Saturday, December 2

It’s official, the mask indoors is history: how, when and where can we stop using it


Almost 700 days after its approval, it can already be said that the general obligation to wear a mask indoors is a thing of the past. The Council of Ministers just approved the Royal Decree that eliminates the obligation. When it comes into force (tomorrow, April 20, as soon as it is published in the BOE), the last great symbol of the pandemic will cease to be effective. What does the new regulation say? When should you use it and when not? What can we expect in the coming days, weeks and months?


Where will the mask continue to be mandatory? Although the Government advises the “responsible use of the mask” in all those places where there is risk and it is possible and necessary, masks are no longer mandatory in general in all areas and spaces. Of course, there will be certain exceptions:

LESS than 100 DAYS for HERD IMMUNITY: Towards a FUTURE without PANDEMIC

  • In health centers, services and establishments; for both visitors and workers: this includes hospitals, health centers, blood transfusion centers and also in pharmacies. Those admitted to hospitals will not have to use them in their rooms; but it will be when they are out of them.
  • It will also be mandatory for visitors and workers in social health centers (they will not be mandatory for residents).
  • In the means of transport (plane, railway, bus, subway or on ships when it is not possible to keep a distance of one and a half meters), without exceptions. It will not have to be used for passenger platforms and stations.

The mask will not be used in school settings. They were no longer compulsory at recess and at some specific ages. Starting tomorrow they will no longer be in all spaces and activities in the school environment. The minister has been blunt “in no case can they be mandatory.” However, it could be advisable in some context (which must be duly justified).

Will we have to follow a mask at work? In general, masks will not be mandatory in the workplace. However, the prevention services of each company could establish the use of masks based on the specific circumstances where the work is carried out (and which will require a specific evaluation).

They will not be mandatory in massive events. The mask will not be mandatory at football matches, concerts, or (in general) at any large event. Of course, in these events (especially if there are vulnerable people), the Government will recommend responsible use.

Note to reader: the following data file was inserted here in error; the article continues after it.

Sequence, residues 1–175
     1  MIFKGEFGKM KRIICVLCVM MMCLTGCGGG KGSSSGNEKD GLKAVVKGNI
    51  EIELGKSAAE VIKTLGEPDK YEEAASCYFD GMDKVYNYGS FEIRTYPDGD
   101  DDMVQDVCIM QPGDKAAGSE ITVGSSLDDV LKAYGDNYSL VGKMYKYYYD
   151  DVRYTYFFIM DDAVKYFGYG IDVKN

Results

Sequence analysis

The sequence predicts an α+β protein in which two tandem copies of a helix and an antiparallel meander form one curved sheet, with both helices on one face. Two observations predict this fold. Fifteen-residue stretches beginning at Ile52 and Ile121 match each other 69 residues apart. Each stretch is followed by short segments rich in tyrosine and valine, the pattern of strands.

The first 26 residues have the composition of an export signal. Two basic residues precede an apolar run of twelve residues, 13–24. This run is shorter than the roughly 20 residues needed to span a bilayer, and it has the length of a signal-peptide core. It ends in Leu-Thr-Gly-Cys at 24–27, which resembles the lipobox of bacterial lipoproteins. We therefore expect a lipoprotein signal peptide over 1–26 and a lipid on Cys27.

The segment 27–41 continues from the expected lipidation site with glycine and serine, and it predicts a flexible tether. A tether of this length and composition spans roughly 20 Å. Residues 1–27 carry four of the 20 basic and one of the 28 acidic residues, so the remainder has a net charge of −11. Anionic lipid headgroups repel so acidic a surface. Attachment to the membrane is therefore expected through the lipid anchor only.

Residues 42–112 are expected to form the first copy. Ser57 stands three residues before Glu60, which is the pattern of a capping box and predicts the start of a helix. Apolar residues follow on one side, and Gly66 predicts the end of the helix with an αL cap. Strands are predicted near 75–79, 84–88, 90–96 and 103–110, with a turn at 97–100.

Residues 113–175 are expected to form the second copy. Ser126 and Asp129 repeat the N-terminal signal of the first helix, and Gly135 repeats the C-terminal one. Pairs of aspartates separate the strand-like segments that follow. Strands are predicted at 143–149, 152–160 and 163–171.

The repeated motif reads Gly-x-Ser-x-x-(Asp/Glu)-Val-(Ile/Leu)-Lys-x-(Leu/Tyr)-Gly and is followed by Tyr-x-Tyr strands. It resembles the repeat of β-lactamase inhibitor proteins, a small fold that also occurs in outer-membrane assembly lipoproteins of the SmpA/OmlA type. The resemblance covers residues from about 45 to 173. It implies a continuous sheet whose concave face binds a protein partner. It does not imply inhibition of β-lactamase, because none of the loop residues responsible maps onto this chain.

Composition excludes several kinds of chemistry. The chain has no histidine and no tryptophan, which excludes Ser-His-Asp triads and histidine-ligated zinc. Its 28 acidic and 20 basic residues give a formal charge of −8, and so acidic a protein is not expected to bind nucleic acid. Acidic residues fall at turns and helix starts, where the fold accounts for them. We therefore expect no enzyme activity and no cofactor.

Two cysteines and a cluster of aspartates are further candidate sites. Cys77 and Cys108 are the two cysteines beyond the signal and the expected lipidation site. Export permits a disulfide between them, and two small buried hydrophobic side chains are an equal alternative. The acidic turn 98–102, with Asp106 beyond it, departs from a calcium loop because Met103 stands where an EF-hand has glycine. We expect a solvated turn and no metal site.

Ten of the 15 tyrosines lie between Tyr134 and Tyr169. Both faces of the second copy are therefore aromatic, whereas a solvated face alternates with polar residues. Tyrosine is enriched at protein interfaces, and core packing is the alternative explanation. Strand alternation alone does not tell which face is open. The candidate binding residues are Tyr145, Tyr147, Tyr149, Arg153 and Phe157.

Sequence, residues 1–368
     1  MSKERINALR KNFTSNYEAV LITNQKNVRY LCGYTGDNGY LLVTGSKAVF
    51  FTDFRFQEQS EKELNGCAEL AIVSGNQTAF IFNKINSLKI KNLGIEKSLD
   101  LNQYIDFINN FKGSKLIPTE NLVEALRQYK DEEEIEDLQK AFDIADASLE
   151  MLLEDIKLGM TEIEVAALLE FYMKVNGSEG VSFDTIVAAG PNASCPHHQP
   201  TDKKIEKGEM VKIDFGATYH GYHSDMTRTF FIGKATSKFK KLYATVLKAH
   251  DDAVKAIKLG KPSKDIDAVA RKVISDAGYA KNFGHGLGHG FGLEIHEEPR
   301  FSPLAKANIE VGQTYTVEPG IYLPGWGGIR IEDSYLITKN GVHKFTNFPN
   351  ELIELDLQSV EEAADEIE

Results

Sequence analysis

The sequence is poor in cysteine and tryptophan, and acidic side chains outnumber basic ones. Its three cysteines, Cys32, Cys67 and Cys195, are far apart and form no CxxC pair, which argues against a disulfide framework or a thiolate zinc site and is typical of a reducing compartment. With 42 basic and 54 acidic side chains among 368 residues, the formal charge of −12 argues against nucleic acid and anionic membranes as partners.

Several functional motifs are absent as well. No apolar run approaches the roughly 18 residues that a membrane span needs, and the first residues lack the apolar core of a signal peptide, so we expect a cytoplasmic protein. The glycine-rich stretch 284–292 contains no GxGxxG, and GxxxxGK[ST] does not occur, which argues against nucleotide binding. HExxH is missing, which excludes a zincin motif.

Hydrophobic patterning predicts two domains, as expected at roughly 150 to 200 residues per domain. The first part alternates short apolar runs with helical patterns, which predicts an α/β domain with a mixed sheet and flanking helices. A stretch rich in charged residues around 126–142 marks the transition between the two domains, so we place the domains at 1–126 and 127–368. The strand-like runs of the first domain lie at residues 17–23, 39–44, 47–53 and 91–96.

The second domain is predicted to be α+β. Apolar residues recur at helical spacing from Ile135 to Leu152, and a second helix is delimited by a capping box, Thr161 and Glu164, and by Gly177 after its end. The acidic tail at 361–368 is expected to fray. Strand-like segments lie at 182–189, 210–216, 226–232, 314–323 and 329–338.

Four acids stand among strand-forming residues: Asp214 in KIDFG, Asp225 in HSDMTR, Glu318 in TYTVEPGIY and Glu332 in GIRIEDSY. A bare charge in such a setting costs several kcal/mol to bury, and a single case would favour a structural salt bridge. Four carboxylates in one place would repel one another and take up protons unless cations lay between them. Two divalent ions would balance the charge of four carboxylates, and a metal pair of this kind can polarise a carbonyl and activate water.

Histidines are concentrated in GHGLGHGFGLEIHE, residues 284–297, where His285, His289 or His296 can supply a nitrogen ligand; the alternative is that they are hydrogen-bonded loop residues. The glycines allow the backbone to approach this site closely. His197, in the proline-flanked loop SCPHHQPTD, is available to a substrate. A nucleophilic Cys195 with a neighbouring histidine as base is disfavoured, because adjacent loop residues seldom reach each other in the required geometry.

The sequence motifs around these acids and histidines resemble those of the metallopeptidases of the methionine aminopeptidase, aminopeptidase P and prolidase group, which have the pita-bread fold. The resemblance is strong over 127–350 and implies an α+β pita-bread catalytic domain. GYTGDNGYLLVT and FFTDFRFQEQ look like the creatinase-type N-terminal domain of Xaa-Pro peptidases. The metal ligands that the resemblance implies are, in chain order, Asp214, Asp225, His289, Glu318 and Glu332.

What about bars, restaurants, museums or entertainment venues? In the absence of the decree being published, there will be no special mechanisms to ensure its use in this type of space. The minister has insisted that the Royal Decree seeks, in general, to eliminate the mandatory nature of the mask in all areas, except those strictly necessary. Other measures that affect them (such as capacity) depend on the autonomous communities and must be addressed by them.

Other recommendations for use. Although masks are no longer mandatory indoors, their responsible use is recommended for the vulnerable population. Also in family settings and private meetings or celebrations, depending on the vulnerability of the participants.

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Will there be a reverse? This is one of the key questions. Especially after Austria reintroduced the mask shortly after removing it due to a spike in cases. In this sense, the Government does not rule out any scenario. For months (in the coming weeks, after summer and with the arrival of winter), the key data will be hospital pressure. That is what will “decide” the success or failure of the measure.

After the Fallas, for example, Spain suffered a rebound in the accumulated incidence, but this was not noticed at the hospital level. If the epidemiological evolution follows the same pattern, everything seems to indicate that this will be the regulation that will accompany us, at least, until the spring-summer of 2023.

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